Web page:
This is leading to an angry young generation and some will be isolated Muslims, some will strive for a better and more balanced way, some will develop emotional problems and personality disorders, and others may even leave the deen as some already have. I can point to examples of all of these things; I know Muslims who grew-up like this who are sincere practicing Muslims but having seen false-piety so much they don’t come around Muslims that often, others are trying to correct the errors of their parents and find a more balanced deen; but it is unfortunate that I know of a number of Muslim kids who grew up the children of active members in the community and given a full Islamic foundation who are now in prison, are mentally ill, or just out of balance. And then, and then you have those we all fear, who are not Muslim at all.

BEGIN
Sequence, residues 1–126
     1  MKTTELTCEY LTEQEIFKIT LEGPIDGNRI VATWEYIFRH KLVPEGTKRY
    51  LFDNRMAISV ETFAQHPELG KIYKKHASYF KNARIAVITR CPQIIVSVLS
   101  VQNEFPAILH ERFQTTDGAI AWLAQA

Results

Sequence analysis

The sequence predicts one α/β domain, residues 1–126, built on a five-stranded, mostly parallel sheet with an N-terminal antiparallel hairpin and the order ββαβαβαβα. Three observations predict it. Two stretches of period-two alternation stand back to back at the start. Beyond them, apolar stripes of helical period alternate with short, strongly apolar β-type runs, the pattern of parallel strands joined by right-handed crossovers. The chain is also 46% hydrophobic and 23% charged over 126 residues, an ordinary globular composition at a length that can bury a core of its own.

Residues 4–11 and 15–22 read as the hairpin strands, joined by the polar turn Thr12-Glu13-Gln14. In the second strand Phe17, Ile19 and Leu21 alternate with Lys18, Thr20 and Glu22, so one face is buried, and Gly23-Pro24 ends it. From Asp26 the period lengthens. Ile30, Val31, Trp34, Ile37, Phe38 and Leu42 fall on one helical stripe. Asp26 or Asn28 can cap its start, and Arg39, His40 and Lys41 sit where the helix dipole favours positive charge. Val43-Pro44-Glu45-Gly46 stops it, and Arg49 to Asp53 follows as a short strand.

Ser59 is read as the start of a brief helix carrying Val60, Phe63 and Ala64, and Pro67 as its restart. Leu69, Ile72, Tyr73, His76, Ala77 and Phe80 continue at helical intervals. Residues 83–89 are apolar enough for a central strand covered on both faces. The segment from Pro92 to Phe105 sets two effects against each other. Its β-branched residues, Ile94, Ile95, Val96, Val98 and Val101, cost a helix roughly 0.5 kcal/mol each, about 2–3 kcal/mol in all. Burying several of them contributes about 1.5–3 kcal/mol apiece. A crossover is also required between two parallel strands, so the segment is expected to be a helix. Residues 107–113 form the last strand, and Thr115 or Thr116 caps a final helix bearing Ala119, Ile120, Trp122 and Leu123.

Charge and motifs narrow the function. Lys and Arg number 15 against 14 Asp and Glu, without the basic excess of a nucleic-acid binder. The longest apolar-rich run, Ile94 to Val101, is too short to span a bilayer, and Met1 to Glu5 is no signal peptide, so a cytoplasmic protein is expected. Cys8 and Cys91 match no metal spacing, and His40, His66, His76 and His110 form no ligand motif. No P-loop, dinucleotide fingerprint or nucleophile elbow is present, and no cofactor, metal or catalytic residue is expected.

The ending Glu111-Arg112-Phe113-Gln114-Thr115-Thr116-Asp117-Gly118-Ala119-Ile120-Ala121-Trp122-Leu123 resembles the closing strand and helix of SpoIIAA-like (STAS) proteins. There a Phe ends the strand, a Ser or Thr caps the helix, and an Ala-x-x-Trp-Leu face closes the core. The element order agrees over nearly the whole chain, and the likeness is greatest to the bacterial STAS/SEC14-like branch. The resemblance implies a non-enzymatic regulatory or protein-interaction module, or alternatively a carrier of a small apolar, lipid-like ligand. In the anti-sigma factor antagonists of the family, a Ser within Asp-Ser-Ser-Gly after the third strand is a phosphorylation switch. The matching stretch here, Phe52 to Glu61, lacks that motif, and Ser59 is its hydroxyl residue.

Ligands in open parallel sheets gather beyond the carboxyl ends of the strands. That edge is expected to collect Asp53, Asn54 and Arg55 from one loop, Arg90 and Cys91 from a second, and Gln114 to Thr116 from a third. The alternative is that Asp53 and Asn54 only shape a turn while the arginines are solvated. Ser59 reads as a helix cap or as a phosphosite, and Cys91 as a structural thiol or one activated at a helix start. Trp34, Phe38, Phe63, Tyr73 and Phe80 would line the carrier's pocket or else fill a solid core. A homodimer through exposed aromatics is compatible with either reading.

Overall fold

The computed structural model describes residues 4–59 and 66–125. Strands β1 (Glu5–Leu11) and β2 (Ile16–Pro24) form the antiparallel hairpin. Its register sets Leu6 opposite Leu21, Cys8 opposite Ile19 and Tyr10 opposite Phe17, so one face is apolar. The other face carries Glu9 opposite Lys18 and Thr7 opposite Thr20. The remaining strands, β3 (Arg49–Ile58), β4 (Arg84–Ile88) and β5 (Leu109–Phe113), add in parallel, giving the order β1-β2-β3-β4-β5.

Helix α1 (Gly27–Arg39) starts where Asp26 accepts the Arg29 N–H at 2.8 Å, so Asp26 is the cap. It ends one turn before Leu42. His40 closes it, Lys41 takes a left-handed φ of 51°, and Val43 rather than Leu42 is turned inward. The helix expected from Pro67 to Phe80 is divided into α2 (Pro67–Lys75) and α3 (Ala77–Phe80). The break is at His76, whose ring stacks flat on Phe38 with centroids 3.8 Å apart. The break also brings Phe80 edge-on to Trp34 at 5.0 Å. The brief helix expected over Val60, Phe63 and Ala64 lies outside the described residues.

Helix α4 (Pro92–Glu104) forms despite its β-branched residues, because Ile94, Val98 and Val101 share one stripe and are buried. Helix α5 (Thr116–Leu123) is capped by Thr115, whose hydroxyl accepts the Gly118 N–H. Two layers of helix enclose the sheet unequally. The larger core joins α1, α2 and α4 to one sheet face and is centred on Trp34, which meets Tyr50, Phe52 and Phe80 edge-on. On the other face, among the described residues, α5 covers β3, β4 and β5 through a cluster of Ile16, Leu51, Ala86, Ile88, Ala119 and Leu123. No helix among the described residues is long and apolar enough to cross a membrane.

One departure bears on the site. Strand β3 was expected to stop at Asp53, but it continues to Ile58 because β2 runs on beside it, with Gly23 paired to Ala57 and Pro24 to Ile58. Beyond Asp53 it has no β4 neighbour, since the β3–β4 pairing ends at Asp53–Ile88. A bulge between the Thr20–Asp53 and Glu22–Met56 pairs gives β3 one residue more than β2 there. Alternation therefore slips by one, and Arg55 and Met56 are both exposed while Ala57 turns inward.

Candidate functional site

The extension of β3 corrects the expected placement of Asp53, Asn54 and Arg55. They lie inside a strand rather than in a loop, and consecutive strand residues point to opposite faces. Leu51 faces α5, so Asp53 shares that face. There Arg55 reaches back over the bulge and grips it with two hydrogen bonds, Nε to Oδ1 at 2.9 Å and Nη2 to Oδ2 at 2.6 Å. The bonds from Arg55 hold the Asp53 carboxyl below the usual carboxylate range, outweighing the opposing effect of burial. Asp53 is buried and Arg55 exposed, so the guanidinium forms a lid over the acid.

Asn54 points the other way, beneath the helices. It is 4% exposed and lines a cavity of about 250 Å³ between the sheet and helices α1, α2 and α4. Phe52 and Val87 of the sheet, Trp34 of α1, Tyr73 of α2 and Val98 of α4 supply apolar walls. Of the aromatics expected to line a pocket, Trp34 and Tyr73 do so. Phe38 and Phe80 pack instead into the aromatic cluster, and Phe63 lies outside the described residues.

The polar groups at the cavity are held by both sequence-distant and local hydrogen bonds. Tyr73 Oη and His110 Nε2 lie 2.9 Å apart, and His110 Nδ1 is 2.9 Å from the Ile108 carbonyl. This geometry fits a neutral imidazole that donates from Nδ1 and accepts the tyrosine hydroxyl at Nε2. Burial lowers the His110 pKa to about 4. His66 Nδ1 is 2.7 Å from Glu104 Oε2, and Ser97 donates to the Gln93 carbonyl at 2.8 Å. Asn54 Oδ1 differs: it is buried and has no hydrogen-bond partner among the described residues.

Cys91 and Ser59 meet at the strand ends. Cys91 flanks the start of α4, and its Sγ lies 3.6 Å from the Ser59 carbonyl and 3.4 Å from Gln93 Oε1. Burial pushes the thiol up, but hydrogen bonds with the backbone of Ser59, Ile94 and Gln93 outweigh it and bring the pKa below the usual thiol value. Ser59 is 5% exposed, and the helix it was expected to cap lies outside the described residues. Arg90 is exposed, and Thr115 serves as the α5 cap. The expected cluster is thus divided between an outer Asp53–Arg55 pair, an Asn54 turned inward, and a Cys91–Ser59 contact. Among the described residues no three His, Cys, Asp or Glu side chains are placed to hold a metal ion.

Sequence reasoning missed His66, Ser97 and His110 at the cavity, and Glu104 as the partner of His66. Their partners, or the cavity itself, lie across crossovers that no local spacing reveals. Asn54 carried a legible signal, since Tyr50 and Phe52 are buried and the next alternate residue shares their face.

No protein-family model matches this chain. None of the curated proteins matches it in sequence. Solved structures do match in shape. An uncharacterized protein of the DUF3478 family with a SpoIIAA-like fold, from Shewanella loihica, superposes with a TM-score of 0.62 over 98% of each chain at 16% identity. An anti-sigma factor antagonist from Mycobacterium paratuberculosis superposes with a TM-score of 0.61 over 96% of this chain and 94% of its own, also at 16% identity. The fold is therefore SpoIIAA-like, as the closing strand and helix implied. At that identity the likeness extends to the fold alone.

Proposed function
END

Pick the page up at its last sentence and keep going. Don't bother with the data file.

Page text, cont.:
People may say I should not talk about this, I should leave this one alone, but the reality is that some of the young are leaving Islam, and if we do not get our act together more will do so as they are being raised by fanatical parents. Several Muslim kids I know from strong Muslim backgrounds are now in the streets selling drugs or in gangs. One sister I know has several children by a drug dealer and whose tattooed body and tight-jeans look is far from the niqaab she wore when she was 12. Her sisters are still Muslim, masha’Allah, but they have both been divorced three times before the age of eighteen, and I have to wonder what kind of a view the children of such unions will have towards the deen. Yes we can tell them the deen is the middle path and that we treat our women well and the Muslims are the standard bearers for all things good; but what will these empty words mean to them after they were raised in chaos? If a young girl has had six Muslim step-fathers can she then look at marriage in the idealistic and naïve way like her mother did? If a father had had twenty or thirty wives and children by several of them then is it a far step for the son to say he can have that many girlfriends and “baby mammas”? Or, on a more educated level, how will this negative experience from the deen growing up help them, say if they do go to college, combat the assault from secular humanism, outright hedonism and atheistic liberalism?